Ronald Reagan's operatives are taking the initiative on the age issue by organizing a big celebration for Reagan's 69th birthday.

George Bush is running three miles a day and celebrating his own "vitality," a quality that campaign manager Hugh Gregg predicts will parade him right into the White House.

And longshot candidate John B. Anderson is mocking the focus on Reagan and Bush by joking that he will win all the New Hampshire delegates to the Republican National Convention.

It's all part of the quadrennial, media-centered competition known as the New Hampshire primary, a contest which in the past has launched some national political careers, ruined others and sent presidents into early retirement.

In a state where conventional political wisdom often seems as useful as a leftover Muskie for President button, there already have been two swings of sentiment on the Democratic side, and a third may be developing.

In the GOP primary, the conventional wisdom continues to be that Reagan has a solid lead over former ambassador Bush, Illinois Rep. Anderson, former Texas governor John B. Connally, Tennessee Sen. Howard H. Baker Jr., Illinois Rep. Philip M. Crane and Kansas Sen. Bob Dole.

But there are some unconcentional stirrings in a primary many GOP politicans believe could change as quickly as New Hampshire's present a typical sunny and snowless winter.

Bush, after a year of solid work, is drawing big crowds almost everywhere. Anderson and Crane, perhaps helped by their performances in last week's Iowa debate, are attracting support on the left and right wings of the Republican Party. Baker, after what he confesses was a "horrible start" he attributes to his defeat by Bush in a Maine straw vote, is beginning to show signs of organization.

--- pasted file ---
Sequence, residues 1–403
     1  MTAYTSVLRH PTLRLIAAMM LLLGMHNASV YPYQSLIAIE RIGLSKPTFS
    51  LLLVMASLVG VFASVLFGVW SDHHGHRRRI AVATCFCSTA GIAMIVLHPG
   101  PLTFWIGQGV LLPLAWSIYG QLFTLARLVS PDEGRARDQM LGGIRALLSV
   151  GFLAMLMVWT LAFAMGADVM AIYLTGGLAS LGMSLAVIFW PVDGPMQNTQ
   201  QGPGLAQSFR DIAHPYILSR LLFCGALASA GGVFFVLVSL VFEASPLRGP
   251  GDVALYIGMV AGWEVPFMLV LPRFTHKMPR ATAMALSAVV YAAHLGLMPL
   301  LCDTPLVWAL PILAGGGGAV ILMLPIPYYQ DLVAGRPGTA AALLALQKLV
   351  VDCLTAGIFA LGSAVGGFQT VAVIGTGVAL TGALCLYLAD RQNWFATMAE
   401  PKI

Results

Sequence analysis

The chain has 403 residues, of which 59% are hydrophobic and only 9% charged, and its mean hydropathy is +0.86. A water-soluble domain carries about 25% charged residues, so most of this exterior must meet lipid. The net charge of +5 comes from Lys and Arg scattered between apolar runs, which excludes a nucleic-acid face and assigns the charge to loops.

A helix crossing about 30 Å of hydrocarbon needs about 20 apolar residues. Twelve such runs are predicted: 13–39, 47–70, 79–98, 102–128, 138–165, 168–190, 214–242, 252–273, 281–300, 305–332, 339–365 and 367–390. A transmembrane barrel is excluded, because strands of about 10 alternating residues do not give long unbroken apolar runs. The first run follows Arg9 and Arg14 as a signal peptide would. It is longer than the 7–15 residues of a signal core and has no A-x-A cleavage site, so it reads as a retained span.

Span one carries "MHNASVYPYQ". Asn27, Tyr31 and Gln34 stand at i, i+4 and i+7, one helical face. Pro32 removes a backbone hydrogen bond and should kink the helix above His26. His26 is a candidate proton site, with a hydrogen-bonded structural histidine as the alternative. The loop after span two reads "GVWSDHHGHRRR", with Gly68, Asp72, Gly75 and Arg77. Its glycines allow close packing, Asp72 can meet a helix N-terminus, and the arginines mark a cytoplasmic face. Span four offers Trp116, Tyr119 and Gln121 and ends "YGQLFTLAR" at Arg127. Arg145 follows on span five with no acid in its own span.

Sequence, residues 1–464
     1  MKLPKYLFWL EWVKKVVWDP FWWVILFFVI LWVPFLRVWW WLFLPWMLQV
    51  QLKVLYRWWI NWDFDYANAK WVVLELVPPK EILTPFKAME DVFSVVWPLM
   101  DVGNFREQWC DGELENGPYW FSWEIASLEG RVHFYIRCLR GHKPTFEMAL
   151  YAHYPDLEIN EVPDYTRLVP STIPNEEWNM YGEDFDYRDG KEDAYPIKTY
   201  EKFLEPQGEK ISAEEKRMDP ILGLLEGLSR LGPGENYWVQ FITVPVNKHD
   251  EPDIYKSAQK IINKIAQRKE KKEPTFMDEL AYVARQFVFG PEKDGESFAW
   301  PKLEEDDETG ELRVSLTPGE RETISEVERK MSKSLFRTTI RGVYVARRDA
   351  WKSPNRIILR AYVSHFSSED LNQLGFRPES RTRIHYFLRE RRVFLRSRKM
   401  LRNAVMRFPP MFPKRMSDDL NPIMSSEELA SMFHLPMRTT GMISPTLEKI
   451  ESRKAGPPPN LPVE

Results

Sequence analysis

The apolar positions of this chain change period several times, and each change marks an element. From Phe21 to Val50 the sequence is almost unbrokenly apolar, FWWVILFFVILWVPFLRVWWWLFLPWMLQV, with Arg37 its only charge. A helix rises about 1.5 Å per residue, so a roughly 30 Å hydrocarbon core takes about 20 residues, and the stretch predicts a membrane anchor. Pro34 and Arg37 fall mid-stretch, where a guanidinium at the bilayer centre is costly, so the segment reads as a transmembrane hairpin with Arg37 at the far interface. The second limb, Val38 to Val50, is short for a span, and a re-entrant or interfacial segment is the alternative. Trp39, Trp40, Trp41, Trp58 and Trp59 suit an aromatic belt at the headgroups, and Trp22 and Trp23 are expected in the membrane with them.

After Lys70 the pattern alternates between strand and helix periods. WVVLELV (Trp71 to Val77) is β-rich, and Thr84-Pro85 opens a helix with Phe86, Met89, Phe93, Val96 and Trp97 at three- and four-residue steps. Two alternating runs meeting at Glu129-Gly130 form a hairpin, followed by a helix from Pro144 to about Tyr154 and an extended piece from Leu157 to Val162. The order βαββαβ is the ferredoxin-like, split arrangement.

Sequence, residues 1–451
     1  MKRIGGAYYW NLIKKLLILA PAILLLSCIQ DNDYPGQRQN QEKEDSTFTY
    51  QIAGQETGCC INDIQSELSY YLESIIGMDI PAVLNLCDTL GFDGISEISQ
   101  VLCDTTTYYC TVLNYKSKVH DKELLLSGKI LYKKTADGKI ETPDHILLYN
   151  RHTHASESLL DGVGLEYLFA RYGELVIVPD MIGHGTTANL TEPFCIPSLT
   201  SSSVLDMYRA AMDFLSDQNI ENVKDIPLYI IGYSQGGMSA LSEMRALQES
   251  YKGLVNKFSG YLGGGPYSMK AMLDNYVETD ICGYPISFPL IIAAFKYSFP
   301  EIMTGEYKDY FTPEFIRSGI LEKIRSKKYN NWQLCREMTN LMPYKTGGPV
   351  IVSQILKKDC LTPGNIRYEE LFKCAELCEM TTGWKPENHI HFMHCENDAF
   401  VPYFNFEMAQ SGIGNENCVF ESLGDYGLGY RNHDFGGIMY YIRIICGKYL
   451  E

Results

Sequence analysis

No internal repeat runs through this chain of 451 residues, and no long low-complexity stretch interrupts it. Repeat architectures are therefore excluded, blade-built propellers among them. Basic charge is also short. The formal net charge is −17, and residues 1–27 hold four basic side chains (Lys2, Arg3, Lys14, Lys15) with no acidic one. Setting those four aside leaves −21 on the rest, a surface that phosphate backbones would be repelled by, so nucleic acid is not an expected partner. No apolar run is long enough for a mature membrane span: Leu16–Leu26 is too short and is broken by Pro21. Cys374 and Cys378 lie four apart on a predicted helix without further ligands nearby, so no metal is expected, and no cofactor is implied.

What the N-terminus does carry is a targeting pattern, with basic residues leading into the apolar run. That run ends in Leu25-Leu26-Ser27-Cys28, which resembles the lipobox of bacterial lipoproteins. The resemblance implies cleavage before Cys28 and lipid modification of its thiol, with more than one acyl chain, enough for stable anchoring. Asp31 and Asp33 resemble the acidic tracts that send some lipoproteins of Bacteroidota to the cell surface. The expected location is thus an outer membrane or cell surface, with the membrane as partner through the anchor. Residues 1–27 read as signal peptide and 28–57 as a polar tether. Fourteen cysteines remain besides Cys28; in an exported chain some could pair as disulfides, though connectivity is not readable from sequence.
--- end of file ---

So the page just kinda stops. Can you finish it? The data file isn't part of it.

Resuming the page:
Among the Democrats, Sen. Edward M. Kennedy of Massachusetts was regarded as almost a sure winner over President Carter and California Gov. Edmund G. (Jerry) Brown Jr. when Kennedy announced his candidacy two months ago.

Then, the national rallying to the president after the seizure of American hortages in Iran and Kennedy's stumbles along the campaign trail dampened volunteer enthusiasm for Kennedy and gave a boost to Carter's organizational efforts. Some Carterites even began to hope for a surprise victory in New Hampshire that would nip Kennedy's candidacy in the bud.

Now, the pendulum appears to be swinging again, as time passes without the freeing of the hostages. The telephones are ringsing at Kennedy headquarters, volunteers are arriving in droves, and a sign chalked on the blackboard reads "Only 47 days to victory."

"There's a very cautious optimism growing," says Kennedy New Hampshire coordinator Dennis Kahin, very cautiously.

Carter campaign aides here are worried about the situation. They have told the White House that the president, who withdrew from a scheduled debate in Iowa, risks political embarrassment in New Hampshire unless he campaigns here.